ARPA Bill Grew to $3.82 Bil Before House Passage

Source: State House News Service

Authors: Katie Lannan, Chris Lisinski and Chris Van Buskirk

 

Leaderships Sees Issues ‘To Work Out’ With Senate

A major spending bill allocating federal COVID-19 relief funds and surplus state tax revenues cleared the House on Friday evening by a vote of 159-0 after lawmakers added nearly $174 million via the amendment process.

The bill began with a bottom line of $3.65 billion and representatives took a handful of votes to add on tens of millions of dollars more, much of it earmarked for local programs and projects, through four mega-amendments compiled outside of public view based on the 1,126 individual amendments filed earlier in the week. The bill’s final bottom line increased to $3.82 billion.

House and Senate leaders have already agreed on two key features of the bill — a $500 million deposit into the state’s unemployment trust fund and another $500 million for one-time bonus payments to low-income essential workers who remained on the job in-person throughout the COVID-19 state of emergency.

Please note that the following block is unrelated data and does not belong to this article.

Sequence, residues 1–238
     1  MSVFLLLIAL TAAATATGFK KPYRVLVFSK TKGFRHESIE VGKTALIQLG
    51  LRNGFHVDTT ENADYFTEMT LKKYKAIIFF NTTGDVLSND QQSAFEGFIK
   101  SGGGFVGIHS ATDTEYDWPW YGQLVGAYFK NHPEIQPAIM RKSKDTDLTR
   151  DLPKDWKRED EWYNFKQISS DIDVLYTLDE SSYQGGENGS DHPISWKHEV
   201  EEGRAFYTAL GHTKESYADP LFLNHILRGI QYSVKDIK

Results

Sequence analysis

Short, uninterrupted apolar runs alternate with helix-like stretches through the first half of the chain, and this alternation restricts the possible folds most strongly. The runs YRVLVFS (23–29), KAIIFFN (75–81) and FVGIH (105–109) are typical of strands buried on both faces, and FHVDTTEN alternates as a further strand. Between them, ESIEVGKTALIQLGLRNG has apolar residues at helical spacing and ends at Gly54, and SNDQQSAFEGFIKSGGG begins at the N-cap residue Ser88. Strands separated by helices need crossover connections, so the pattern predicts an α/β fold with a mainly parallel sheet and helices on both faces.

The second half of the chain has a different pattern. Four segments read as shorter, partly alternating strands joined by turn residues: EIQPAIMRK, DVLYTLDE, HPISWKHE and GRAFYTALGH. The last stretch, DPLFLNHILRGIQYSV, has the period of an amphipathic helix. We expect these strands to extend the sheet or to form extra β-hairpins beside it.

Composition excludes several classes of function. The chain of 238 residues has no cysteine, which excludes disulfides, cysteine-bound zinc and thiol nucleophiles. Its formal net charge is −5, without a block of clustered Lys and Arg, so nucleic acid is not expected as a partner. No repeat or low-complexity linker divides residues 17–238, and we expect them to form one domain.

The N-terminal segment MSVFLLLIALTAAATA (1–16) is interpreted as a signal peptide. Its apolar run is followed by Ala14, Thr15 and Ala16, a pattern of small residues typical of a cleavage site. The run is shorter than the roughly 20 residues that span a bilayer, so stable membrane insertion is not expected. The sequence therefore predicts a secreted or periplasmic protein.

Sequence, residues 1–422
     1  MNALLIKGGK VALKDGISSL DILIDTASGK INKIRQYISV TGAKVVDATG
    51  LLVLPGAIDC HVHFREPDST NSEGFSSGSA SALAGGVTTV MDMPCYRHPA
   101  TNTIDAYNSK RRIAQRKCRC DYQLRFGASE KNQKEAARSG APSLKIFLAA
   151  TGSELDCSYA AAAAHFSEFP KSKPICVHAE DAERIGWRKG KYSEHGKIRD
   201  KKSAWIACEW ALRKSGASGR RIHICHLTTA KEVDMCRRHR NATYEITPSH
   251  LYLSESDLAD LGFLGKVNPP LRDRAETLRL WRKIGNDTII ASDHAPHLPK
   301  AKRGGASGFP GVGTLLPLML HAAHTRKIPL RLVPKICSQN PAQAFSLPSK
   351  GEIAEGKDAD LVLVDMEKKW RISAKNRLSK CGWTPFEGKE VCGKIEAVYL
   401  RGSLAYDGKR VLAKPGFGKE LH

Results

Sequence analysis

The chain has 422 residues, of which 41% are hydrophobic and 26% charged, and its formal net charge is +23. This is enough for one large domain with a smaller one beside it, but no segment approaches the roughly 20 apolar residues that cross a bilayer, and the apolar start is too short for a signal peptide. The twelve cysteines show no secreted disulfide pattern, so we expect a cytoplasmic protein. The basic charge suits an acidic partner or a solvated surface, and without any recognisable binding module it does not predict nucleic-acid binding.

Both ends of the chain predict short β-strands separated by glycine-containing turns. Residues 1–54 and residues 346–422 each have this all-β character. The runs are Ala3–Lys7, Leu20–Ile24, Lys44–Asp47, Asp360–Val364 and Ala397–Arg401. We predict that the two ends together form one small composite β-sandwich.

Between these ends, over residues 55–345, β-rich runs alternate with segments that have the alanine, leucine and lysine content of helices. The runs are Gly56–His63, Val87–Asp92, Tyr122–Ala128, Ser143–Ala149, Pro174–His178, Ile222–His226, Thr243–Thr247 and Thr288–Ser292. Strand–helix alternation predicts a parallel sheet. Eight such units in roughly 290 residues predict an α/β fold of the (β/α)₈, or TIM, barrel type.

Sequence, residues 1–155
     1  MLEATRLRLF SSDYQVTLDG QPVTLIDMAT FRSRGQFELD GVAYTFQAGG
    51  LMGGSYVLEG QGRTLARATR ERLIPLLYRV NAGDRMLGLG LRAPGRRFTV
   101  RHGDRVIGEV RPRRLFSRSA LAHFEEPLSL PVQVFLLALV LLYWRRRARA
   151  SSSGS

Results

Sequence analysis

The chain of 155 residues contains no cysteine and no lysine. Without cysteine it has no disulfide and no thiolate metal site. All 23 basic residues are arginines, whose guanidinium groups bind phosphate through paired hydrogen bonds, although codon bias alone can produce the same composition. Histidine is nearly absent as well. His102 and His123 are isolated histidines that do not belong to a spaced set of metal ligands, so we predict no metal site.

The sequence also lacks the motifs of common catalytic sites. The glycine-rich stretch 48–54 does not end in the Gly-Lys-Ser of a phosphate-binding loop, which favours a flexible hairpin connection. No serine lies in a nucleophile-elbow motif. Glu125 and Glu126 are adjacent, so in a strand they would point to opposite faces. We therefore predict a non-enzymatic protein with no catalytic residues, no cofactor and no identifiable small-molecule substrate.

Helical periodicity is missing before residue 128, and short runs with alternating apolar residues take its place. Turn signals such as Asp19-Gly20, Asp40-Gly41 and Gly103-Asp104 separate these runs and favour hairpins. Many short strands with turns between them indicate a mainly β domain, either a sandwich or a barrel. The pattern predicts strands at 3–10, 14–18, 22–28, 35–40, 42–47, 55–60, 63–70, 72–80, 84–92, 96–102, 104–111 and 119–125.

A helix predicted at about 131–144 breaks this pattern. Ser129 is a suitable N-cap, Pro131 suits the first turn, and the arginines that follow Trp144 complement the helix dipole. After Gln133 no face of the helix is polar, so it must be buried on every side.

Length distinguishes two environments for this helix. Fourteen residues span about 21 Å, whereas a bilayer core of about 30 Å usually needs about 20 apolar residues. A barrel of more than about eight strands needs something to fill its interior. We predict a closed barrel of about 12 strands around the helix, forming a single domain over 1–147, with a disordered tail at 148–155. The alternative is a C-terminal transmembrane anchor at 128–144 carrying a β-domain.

Otherwise, it’s unclear how closely aligned the spending will be between the House plan and the proposal that Senate Democrats are expected to soon put forward, and how much negotiating will need to take place before lawmakers can ship a final version to Gov. Charlie Baker.

Baker had prodded lawmakers to quickly put the state’s billions of dollars in American Rescue Plan Act money to work, but the Legislature opted to gather public input at a series of hearings before crafting a bill.

With formal sessions for the year set to end Nov. 17 under joint legislative rules, House and Senate leaders have not indicated if they aim to get a final bill on Baker’s desk or into private conference committee negotiations before the winter recess.

“We have been continuing to talk with our Senate counterparts and I think that there are some things we will have to work out and we’ll see what proposals they put to the floor maybe next week or whatnot,” House Ways and Means Chair Aaron Michlewitz told the News Service. “I think that after they get done we’re going to try as hard as we can to get it to the governor’s desk as quickly as we can.”